Showing that the biggest can in fact get bigger, Electronic Arts
Even though EA has been a perpetual buyer of smaller developers, gobbling up Mythic is a good indication of where EA aims to grow in the near-term: massively multiplayer online fantasy games.
After all, this is the same niche that has provided China with some of its more tantalizing growth stocks, like NetEase
EA is no stranger here. The Sims Online and the war-based Battlefield series have kept the country's leading video game publisher on the Internet-based gaming radar. Moving gameplay online, with either ad-supported models or the more profitable subscriber-fee approach, is a logical direction for the industry. Leading retailers like Gamestop
EA's timing is right. The industry is in a lull, as two of the three console makers gear up to roll out their next-generation gaming systems. Mythic is also hoping to have another hit on its hands next year, when it will release a new online game based on Games Workshop's internationally acclaimed Warhammer fantasy realm. With EA's muscle, this could be a win-win for both parties.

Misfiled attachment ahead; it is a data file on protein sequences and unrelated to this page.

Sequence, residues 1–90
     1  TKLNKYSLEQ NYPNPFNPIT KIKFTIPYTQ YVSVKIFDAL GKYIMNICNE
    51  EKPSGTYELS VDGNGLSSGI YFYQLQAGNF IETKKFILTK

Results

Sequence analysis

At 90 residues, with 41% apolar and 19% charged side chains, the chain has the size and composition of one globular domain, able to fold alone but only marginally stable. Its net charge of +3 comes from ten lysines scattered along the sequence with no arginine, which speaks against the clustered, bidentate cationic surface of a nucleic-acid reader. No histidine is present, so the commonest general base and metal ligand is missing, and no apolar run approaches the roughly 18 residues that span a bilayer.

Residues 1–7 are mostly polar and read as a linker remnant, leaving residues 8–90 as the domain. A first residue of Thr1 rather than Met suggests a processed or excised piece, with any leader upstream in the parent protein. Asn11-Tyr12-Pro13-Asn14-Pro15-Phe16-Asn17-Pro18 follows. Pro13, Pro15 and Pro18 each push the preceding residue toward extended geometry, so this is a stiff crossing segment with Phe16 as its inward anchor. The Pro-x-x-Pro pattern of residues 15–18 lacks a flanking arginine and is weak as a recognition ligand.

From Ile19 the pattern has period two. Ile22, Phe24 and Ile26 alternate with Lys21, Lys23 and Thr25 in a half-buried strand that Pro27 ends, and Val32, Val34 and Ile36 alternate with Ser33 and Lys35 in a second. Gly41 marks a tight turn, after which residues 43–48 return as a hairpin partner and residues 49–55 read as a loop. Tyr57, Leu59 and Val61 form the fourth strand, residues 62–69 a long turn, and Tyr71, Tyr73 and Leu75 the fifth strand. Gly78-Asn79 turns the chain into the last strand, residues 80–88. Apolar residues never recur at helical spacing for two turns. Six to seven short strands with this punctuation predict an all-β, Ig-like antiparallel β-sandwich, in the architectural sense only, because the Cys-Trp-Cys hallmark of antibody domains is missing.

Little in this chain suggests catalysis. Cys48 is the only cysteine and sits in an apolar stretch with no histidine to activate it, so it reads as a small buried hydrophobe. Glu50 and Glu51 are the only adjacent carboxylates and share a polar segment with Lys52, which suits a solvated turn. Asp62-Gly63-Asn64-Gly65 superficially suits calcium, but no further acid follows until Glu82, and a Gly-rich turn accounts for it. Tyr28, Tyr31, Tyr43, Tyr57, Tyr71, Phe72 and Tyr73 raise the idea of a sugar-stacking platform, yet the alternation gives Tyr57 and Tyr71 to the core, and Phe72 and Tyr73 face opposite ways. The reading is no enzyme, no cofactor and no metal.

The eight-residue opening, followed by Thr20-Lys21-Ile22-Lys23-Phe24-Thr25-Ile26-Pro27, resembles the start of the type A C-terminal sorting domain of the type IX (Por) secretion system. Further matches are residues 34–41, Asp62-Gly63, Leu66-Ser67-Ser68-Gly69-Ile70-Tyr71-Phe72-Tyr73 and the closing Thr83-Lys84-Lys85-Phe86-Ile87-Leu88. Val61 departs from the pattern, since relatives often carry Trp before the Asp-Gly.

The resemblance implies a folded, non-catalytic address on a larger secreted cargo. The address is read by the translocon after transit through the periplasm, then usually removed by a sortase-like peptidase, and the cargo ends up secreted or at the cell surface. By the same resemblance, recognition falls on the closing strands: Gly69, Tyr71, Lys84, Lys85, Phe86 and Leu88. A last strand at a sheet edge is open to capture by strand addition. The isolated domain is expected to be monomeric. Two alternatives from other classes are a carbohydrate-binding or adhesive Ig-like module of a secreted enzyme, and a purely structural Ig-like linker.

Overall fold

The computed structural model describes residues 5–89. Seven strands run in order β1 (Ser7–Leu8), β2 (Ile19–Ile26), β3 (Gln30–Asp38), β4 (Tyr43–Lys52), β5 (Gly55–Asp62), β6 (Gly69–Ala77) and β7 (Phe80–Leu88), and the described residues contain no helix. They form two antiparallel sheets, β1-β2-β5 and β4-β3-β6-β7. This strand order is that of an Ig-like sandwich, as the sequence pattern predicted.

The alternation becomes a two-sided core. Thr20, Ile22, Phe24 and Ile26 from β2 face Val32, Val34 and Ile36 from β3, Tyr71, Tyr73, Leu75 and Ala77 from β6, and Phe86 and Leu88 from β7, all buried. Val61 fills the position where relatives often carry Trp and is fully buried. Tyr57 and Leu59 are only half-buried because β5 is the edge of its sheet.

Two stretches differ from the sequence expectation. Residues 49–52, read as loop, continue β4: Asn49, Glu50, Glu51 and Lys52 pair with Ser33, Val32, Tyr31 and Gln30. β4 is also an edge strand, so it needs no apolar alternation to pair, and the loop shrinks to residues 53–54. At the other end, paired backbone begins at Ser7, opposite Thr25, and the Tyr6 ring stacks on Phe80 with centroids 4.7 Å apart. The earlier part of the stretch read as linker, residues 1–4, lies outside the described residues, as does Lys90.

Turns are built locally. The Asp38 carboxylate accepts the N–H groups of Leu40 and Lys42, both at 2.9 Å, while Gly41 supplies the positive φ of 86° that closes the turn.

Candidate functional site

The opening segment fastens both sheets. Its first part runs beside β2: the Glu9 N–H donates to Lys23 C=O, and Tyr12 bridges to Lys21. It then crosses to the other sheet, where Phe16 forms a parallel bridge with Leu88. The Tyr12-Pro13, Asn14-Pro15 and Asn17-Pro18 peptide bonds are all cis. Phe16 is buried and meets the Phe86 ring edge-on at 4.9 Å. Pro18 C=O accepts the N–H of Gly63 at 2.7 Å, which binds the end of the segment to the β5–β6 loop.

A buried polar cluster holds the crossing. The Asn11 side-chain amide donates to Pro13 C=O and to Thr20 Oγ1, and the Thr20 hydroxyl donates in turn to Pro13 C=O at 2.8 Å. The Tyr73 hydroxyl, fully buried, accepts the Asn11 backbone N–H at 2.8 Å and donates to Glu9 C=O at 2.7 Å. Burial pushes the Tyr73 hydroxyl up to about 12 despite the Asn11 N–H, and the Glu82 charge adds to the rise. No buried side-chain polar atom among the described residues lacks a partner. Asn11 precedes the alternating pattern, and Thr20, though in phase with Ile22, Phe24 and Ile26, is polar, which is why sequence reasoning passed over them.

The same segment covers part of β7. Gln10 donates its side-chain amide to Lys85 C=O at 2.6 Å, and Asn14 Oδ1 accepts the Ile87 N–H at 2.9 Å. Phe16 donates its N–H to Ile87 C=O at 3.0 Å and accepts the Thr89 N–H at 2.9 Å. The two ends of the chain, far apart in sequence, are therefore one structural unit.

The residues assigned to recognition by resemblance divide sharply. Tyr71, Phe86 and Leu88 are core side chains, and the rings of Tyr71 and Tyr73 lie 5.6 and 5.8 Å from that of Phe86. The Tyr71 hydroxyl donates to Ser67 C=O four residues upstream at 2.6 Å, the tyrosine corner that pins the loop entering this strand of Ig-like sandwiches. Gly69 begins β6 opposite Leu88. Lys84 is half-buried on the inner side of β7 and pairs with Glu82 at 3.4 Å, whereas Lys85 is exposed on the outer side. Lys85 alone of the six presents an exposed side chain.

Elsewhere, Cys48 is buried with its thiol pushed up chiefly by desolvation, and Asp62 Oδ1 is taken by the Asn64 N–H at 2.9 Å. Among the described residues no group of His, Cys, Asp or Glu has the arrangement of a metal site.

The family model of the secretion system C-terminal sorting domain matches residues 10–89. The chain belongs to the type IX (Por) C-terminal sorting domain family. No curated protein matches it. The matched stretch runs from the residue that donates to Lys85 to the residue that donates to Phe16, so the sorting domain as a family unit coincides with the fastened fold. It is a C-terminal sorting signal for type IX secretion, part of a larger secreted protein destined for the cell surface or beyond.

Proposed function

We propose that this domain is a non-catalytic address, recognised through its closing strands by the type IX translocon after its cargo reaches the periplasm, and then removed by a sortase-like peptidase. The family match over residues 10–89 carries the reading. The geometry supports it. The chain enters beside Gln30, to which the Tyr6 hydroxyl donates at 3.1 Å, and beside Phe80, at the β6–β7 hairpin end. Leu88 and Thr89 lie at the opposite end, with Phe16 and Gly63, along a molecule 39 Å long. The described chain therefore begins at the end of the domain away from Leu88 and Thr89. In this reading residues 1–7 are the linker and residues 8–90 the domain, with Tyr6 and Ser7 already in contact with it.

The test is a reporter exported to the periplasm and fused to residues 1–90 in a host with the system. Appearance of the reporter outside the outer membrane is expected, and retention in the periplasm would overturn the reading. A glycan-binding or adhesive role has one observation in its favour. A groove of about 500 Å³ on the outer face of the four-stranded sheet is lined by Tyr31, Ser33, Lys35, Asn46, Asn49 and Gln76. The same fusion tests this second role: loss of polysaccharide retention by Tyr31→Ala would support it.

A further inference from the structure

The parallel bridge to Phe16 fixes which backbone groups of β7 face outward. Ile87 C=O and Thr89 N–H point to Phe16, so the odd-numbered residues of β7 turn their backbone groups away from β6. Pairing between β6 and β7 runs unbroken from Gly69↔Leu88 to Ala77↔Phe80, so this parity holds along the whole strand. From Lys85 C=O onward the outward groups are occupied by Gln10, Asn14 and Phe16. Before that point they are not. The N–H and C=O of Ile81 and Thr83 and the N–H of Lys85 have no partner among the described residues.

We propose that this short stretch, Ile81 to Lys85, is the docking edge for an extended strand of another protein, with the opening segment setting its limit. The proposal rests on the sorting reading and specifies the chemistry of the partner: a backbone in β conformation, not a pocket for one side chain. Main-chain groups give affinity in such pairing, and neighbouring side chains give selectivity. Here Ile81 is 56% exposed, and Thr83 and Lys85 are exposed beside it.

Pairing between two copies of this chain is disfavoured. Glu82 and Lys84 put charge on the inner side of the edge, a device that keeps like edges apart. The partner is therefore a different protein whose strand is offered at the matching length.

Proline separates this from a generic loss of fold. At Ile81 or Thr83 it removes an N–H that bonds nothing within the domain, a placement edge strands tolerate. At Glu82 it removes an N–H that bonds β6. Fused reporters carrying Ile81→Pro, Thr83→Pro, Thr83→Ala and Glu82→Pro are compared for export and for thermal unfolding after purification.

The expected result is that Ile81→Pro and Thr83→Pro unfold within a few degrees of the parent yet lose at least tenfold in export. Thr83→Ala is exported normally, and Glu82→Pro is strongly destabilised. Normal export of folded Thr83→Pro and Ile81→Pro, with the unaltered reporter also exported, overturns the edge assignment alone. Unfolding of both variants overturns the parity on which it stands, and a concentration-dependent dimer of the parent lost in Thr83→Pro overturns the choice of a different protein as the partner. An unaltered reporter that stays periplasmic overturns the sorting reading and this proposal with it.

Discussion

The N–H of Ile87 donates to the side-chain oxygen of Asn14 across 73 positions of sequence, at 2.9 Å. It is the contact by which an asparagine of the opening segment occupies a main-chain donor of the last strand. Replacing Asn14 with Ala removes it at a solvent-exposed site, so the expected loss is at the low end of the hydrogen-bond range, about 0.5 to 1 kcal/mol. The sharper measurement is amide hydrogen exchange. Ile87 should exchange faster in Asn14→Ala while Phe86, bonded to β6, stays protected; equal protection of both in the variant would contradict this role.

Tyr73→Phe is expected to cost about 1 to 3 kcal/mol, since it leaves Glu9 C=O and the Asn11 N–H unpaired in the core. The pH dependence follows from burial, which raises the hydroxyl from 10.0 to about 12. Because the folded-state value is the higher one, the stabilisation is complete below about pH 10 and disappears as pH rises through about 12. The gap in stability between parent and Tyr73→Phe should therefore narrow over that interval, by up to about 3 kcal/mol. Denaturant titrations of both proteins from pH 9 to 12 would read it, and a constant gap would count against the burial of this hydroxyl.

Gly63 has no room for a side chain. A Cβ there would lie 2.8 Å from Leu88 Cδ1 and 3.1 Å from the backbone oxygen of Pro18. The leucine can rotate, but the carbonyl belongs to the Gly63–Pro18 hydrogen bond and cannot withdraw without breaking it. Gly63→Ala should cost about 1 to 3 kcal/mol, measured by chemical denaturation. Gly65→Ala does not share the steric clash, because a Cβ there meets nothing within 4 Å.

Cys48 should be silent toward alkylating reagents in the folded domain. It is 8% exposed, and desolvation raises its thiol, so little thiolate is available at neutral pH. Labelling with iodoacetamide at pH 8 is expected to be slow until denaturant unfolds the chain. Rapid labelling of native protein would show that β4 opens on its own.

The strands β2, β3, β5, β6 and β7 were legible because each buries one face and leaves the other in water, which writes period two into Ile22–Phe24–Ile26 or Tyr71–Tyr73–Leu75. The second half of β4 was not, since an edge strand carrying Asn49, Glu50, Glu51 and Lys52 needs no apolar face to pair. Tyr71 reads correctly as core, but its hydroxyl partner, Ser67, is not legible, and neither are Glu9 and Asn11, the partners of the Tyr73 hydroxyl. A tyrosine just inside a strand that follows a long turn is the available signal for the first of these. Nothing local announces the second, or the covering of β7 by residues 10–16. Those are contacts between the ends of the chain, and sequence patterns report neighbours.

Imagine that -- a multiplayer game where everybody wins!
Longtime Fool contributor Rick Munarriz loves playing video games but he doesn't own shares in any of the companies mentioned in this story. T he Fool has a disclosure policy. He is also part of the Rule Breakers newsletter research team, seeking out tomorrow's ultimate growth stocks a day early.